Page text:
Full review here
Fortification of rice with iron alone or in combination with other micronutrients may make little or no difference in the risk of having anaemia but probably reduces the risk of iron deficiency and increases mean haemoglobin concentrations in population aged two years or above. If vitamin A is added, it may reduce the risk of having vitamin A deficiency and when folic acid is added, fortified rice may slightly increase serum folate concentrations.
What was studied in this review?
Micronutrient malnutrition compromises the health and well‐being of populations in many low‐ and middle‐income countries. Fortification is the addition of nutrients to foods to improve their nutritional quality. Rice is widely consumed as a staple food and is suitable for adopting as a food vehicle for fortification. This review addresses the benefits and harms of rice fortification with vitamins and minerals on micronutrient status along with health‐related outcomes, among participants aged two years and above, in addition to outcomes relevant to deficiencies in iron, vitamin A, zinc and folate.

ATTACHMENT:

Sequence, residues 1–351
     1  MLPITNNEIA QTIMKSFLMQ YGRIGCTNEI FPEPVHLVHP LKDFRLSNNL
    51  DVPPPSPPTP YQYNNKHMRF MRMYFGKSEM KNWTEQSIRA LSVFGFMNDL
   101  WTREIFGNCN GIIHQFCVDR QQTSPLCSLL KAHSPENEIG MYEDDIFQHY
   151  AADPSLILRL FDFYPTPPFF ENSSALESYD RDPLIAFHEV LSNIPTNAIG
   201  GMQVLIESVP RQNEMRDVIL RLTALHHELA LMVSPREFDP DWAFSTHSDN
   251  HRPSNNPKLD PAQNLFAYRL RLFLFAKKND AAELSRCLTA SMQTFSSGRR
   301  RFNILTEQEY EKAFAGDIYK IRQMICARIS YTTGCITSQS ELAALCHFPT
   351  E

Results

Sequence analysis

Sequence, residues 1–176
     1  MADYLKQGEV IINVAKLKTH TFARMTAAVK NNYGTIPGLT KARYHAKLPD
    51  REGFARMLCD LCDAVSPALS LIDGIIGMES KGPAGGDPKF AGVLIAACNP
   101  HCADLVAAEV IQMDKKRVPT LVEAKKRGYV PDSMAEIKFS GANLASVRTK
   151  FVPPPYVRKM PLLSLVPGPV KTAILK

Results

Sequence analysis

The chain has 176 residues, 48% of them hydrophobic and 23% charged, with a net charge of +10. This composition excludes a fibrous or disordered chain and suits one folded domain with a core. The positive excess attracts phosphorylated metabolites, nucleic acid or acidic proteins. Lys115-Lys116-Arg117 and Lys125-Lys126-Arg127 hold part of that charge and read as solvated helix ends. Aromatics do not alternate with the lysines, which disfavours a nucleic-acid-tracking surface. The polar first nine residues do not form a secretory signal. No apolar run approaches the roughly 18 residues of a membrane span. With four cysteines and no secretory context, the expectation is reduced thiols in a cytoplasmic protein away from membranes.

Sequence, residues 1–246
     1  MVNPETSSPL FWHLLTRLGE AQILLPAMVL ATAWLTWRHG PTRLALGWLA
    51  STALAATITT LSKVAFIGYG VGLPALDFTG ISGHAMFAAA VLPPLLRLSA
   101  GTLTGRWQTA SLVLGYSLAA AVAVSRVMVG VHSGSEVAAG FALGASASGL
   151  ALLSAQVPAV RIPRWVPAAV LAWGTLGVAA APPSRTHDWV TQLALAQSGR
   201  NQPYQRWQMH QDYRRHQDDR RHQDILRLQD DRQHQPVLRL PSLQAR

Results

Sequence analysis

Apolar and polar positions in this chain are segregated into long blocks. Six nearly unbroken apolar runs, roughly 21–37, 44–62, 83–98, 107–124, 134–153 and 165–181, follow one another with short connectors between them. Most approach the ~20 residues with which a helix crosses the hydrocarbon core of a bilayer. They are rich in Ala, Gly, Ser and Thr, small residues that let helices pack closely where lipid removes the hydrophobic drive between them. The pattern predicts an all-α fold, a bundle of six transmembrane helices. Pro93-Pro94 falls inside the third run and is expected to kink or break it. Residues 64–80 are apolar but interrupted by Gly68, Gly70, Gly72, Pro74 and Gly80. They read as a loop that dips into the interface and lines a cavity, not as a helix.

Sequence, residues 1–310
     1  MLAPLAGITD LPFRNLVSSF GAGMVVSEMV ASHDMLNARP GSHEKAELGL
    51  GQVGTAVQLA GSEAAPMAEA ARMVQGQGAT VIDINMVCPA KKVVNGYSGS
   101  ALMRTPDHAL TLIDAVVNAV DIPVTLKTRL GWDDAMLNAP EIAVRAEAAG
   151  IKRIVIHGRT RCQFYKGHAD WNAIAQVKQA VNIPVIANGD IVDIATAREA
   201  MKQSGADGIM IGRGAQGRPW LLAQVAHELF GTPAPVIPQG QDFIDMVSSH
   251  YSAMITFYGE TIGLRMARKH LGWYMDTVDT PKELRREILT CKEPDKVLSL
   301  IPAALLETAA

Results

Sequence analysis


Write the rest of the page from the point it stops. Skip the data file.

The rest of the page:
What are the main results of the review?
We identified 17 studies (involving 10,483 participants) from Bangladesh, Brazil, Burundi, Cambodia, India, Indonesia, Mexico, Philippines, Thailand and USA. Twelve were randomised studies (2238 participants); 10 involved children, and two studies involved non‐pregnant non‐lactating women. In addition to iron, some studies had vitamin A, zinc or folic acid as fortifying agents, alone or in combination. Five non‐randomised studies (8245 participants), were assessed to augment the information on implementation and impact of fortification. The included studies were funded by government, private and non‐governmental organisations, along with other academic institutions. The source of funding does not appear to have altered the results.
We are uncertain about whether rice fortification with iron and other micronutrients reduces the risk of having anaemia although this intervention may increase mean haemoglobin concentrations (a biomarker of anaemia). We are uncertain if fortification of rice with iron alone or in combination with other micronutrients as compared to without any fortification, reduces the risk of iron deficiency.
Furthermore, consumption of vitamin A in the fortified rice, may make little difference on haemoglobin and serum retinol concentrations (a biomarker of vitamin A nutrition). We do not know whether fortification of rice has any adverse effects, in the mid‐ or long‐term, as the evidence was very limited. We found that the overall certainty of the evidence ranged from very low to low. Also, all studies used iron to fortify rice, so the effect of isolated nutrients may be hidden. There was no significant publication bias across the studies.
How up‐to‐date is this review?
The review authors searched for studies that had been published up to 10 December 2018.